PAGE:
Congressman John B. Larson (D-CT) recently put forward the Social Security 2100 Act, a bill which proposes to strengthen the trust fund and increase benefits for current and future beneficiaries. If passed, the bill would provide a roughly two percent increase beginning in 2015, set the minimum benefit 25 percent above the poverty line and raise the threshold for the combined payroll tax.
The bill also proposes to swap the CPI-W for the CPI-E in calculating the cost of living adjustment. Senior advocates have long scrutinized the CPI-W for its focus on food, fuel and other goods most often purchased by wage earners – not retirees. The CPI-E, on the other hand, places greater weight on medical care and other expenses the elderly disproportionately bear.
“If the bill were to pass, the new inflation adjustment would likely have a significant impact for those receiving Social Security benefits,” said Matthew Allen, co-founder and co-CEO of Social Security Advisors. “Historically, the difference between the CPI-E and CPI-W between 1982 and 2011 has been about two percent, and the CPI-E has always been higher.” Given 2014's $1,294 average monthly benefit for retired workers, the switch could provide a roughly $300 per year increase if implemented in the next year.
According to the SSA, the bill also proposes several measures to pay for the benefits boosts and strengthen the Social Security Trust Fund:
• A gradual, one percent increase in the contribution rate from 2015 to 2037.
• A requirement for collecting payroll taxes on wages above $400,000 (currently not collected on wages over $117,000).
• An increased allocation of payroll taxes to the Disability Insurance and Old-Age and Survivors Insurance Programs.
Perhaps the bill's most controversial funding-related measure is its proposal to invest up to25 percent of the Trust Fund in equities by 2025. “There are precedents through several other government programs that have successfully invested in index-based products with successful oversight, and it could improve the overall rate of return on the Trust Fund,” said Allen.
Despite the precedent, Social Security trustees have never been granted the authority to invest, and given the Republicans' hold on both the House and Senate, Larson's overall plan may not be politically viable. “It's probably going to be difficult to get Republican support on six of the eight provisions – the ones which increase benefits or raise taxes,” said Allen. “They don't generally like to push things through that a Democrat is proposing, and vice versa.” While the GOP may favor the idea of investing part of the Trust Fund, the bill has yet to gain any Republican co-sponsors.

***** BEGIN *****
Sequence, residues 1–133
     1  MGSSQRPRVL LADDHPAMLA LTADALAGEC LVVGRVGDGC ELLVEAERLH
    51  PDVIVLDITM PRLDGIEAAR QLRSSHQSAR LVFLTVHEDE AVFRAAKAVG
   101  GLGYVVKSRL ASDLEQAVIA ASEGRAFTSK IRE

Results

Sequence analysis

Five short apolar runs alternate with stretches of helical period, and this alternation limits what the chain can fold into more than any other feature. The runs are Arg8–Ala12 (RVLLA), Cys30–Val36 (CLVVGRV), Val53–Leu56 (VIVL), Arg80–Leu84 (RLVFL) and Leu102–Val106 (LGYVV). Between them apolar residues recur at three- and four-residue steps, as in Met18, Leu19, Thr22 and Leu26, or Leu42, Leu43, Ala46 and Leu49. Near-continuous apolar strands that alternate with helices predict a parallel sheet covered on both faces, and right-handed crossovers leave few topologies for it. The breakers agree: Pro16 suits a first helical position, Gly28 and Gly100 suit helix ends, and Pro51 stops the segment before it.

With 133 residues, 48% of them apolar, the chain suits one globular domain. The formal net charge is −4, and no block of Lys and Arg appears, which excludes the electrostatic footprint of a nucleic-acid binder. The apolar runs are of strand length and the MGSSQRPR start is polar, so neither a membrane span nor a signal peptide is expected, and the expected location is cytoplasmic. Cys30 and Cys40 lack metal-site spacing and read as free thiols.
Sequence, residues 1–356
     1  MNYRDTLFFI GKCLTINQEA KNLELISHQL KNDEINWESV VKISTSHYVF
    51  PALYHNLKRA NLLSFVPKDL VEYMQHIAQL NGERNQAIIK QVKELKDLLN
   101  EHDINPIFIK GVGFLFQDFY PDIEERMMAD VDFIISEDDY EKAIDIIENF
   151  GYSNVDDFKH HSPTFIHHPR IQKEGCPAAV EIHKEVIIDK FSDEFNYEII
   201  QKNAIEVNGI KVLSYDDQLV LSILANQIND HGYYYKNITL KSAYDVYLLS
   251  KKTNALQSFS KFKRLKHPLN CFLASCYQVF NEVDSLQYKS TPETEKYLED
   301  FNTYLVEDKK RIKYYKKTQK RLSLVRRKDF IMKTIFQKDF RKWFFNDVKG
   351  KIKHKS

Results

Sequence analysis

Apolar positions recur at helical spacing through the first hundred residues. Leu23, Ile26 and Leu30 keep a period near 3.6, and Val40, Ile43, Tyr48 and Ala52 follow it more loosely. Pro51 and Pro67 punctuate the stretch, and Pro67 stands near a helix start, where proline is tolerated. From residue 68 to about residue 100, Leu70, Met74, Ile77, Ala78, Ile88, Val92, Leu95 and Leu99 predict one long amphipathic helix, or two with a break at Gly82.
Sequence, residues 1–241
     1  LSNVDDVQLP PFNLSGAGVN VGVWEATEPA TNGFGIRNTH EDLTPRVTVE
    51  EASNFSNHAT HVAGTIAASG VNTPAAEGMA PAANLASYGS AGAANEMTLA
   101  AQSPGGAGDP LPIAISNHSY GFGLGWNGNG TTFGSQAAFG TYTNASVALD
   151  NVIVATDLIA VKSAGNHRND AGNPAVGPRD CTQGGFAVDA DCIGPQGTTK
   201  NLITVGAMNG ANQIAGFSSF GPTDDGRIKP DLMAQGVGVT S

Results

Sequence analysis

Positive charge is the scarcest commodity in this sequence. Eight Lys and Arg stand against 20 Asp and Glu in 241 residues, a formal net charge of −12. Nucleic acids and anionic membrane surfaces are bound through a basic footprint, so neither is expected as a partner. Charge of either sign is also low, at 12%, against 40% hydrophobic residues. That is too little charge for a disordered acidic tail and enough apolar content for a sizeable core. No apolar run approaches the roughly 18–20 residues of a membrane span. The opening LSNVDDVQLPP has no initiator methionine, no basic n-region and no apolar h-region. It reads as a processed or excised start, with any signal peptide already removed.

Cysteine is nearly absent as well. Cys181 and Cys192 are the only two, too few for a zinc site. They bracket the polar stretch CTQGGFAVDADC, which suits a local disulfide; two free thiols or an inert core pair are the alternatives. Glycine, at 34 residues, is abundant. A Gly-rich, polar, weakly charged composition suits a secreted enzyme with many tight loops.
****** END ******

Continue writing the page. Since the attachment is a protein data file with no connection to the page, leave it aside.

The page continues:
Still, Social Security expansion is gaining momentum among voters. According to a study by Social Security Works and the Center for Community Change, 90 percent of Democrats, 73 percent of Republicans and 73 percent of independents support an increase in Social Security benefits paid for by greater taxation of millionaires. Regardless of political affiliation, retirees and pre-retirees are facing still-low interest rates, an increasingly volatile stock market and medical costs that are far outpacing the cost of living adjustment.
Why the disparity between voters' preferences and politicians' positions on the issue? “One big issue is the tenure of politicians,” said Allen. “Since the Trust Fund is expected to exhaust by 2033, this is essentially a 20-year problem. As we get closer to 2033, current politicians will actually have to do something.”
If this bill or a similar bill does eventually pass, however, it could have implications for the ways retirees treat their overall portfolios. With 25 percent of the Trust Fund invested in equities, “clients might need to re-balance other assets to be more conservative,” said Allen. “Some advisors look at Social Security as an entirely separate entity, and that has to change. For most Americans, it's the single largest source of retirement income.”